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Anthony Blunt: His Lives by Miranda Carter

Anthony Blunt: His Lives

by Miranda Carter

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220281,331 (3.79)19



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A sad ending to a interesting life of the more talented of the "Cambridge Spies". Blunt was manipulated by the stronger personality of Guy Burgess but made the choice to help the Soviets and lived to regret not knowing the truth about them. In the thirties he saw the Soviet Union as the only country to stand up to the European fascists and fight for the Republic in Spain, for one example. His upper class in Britain was quite guilty of appeasement; the treason he embarked upon was against his class as well as his country. This was a time homosexuals kept secrets as a matter of survival. Compartmentalization was necessary for personal as well as political life; and as such contributed to his tragic decision to spy for the NKVD. ( )
1 vote willmurdoch | Nov 5, 2011 |
Blunt, Anthony, 1907-1983/Great Britain > History > 20th century >/Biography/Espionage, Soviet > Great Britain > History >/20th century/Art historians > Great Britain > Biography/Gay men > Great Britain > Biography/Spies > Great Britain > Biography
  Budzul | May 31, 2008 |
Showing 2 of 2
The Cambridge Five have always been regarded as traitors - they handed over government files to the Soviet Union - but the real cause of the scandal they created, and the reason why they are remembered when others are forgotten, is that they were perceived as traitors not so much to their country as to their class. Like "going native" during the empire, this class treachery was their truly unforgivable sin.
Carter has assimilated the massive and often unreliable literature on espionage to produce an authoritative and often hilarious account of this period.
added by jburlinson | editKirkus Reviews
The author's research appears impeccable, and her tone is evenhanded and straightforward. It is possible to read much between the lines of Blunt's life, but Carter stays away from facile explanations for his complex behavior.
added by jburlinson | editBooklist, David Pitt
The biggest challenge any Blunt biographer faces is Blunt himself, a man of almost legendary emotional detachment. Blunt revealed little about his personal life, yet Carter has managed to bring readers as close to this enigmatic man as humanly possible. Thoroughly researched and carefully crafted, this is sure to be the definitive biography.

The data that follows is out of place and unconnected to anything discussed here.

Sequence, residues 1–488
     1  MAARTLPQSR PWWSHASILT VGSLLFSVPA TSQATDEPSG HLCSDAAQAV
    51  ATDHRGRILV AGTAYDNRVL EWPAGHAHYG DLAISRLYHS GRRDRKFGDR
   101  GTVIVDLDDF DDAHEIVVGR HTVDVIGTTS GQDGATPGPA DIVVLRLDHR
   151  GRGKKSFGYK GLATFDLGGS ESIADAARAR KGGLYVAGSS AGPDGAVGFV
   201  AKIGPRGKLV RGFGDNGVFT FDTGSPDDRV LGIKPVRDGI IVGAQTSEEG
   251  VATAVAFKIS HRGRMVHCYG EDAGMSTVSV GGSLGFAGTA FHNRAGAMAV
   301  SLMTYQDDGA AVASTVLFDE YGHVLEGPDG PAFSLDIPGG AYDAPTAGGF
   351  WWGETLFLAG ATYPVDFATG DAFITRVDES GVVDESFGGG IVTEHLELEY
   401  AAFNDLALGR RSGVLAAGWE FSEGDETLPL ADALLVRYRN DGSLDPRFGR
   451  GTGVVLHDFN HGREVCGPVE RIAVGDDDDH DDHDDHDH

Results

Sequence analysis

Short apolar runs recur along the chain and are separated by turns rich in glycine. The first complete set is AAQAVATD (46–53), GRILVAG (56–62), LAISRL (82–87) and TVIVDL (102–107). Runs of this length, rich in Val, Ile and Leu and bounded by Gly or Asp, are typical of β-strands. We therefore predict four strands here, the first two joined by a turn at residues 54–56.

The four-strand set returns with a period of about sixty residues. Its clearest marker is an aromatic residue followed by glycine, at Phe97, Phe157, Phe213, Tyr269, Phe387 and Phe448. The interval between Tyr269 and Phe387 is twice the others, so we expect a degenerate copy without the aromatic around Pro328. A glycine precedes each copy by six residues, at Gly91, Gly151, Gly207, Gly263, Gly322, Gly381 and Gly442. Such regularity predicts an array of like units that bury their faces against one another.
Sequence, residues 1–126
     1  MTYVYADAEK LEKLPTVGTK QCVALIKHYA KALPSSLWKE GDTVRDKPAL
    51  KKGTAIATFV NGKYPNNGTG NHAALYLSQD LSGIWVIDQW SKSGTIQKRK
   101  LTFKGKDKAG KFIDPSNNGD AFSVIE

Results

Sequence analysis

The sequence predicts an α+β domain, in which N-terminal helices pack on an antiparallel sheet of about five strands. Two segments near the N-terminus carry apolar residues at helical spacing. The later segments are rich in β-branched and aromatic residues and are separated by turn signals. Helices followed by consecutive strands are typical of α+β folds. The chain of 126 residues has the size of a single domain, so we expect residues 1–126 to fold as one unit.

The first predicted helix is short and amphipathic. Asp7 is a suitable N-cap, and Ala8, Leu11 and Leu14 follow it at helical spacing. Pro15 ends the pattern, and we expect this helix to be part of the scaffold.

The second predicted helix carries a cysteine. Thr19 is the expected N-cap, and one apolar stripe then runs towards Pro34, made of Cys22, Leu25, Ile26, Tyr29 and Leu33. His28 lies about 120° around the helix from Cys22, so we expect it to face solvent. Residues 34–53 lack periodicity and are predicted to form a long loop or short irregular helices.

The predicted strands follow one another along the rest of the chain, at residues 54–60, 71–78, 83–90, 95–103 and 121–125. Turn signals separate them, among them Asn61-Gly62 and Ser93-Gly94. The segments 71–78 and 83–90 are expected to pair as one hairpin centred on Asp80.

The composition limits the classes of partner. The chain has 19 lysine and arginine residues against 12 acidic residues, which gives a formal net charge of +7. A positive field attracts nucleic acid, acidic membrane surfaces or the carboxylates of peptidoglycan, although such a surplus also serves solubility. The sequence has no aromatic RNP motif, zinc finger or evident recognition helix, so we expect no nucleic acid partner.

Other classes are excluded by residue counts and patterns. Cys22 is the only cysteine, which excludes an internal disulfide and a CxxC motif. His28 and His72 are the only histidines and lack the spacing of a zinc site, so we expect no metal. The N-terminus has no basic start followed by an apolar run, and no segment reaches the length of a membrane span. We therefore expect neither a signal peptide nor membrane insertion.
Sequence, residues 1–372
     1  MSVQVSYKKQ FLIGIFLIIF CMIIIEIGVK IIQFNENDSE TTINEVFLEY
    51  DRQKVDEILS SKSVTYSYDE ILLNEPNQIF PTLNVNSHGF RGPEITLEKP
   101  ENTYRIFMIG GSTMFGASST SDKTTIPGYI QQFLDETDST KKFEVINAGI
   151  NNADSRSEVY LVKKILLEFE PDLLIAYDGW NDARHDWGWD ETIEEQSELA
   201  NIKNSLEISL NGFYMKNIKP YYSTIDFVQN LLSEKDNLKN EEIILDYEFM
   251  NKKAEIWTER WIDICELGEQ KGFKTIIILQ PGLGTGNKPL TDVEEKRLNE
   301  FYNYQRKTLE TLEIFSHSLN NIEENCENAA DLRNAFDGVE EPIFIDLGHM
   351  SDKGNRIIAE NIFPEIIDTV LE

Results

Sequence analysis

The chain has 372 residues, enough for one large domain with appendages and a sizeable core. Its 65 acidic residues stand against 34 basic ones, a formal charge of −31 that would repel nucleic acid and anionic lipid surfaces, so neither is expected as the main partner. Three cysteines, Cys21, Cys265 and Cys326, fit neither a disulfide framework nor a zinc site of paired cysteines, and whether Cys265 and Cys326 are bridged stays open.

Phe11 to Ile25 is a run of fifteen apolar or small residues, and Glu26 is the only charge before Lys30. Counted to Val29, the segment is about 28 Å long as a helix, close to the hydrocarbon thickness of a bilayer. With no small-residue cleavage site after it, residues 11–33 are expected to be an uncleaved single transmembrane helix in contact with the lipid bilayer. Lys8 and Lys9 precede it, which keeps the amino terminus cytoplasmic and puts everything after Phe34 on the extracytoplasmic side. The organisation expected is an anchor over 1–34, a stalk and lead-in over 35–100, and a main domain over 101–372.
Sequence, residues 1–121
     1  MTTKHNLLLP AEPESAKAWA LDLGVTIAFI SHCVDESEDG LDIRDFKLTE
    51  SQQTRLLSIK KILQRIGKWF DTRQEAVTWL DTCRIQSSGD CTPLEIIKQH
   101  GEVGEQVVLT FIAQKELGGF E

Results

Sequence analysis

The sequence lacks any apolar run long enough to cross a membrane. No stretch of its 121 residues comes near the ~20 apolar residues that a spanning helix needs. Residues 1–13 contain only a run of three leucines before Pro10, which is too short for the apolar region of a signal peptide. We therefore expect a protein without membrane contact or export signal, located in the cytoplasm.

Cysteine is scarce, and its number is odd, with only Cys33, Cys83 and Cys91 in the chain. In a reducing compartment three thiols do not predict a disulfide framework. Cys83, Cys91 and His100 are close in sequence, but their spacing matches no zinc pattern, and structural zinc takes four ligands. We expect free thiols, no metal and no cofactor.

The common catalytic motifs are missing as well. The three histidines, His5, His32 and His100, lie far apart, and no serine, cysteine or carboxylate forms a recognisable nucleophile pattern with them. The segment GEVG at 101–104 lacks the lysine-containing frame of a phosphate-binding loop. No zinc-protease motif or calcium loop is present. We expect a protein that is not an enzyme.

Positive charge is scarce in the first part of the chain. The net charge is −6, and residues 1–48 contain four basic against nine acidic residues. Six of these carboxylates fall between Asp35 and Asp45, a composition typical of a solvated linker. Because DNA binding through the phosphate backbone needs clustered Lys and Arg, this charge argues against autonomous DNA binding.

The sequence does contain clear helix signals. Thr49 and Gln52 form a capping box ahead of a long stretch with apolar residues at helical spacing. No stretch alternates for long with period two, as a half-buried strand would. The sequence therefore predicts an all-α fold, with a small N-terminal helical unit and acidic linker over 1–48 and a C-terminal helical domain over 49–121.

added by jburlinson | editPublishers Weekly
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Amazon.com Product Description (ISBN 0330367668, Paperback)

When Anthony Blunt died in 1983, he was a man about whom almost anything could be - and was - said. As Surveyor of the Queen's Pictures and Director of the Courtauld Institute, Blunt's position was assured until his exposure in 1979 left his reputation in tatters. Miranda Carter's brilliantly insightful biography gives us a vivid portrait of a human paradox. Blunt's totally discrete lives, with their permanent contradictions, serve to remind us that there is no one key to any human being's identity: we are all a series of conflicting selves. 'Astonishingly good' - "Daily Telegraph". 'Highly impressive ...sensitive and compelling...Miranda Carter has written a richly informative biography which, in the end, does not fall into the trap of tout comprendre, c'est tout pardonner - not only because she is not seeking to pardon him, but also because there is something here that is still quite impossible to comprehend' - Noel Malcolm, "Sunday Telegraph". 'A compelling biography...Miranda Carter's skill at scouring the different compartments of Blunt's life is deeply impressive' - Julian Barnes, "New Yorker".

(retrieved from Amazon Thu, 12 Mar 2015 18:13:14 -0400)

(see all 4 descriptions)

Chronicles the life of art historian Sir Anthony Blunt, exploring his private and public personas and how he used his connections within English high society to work as a Soviet spy until he was exposed by Margaret Thatcher in 1979.

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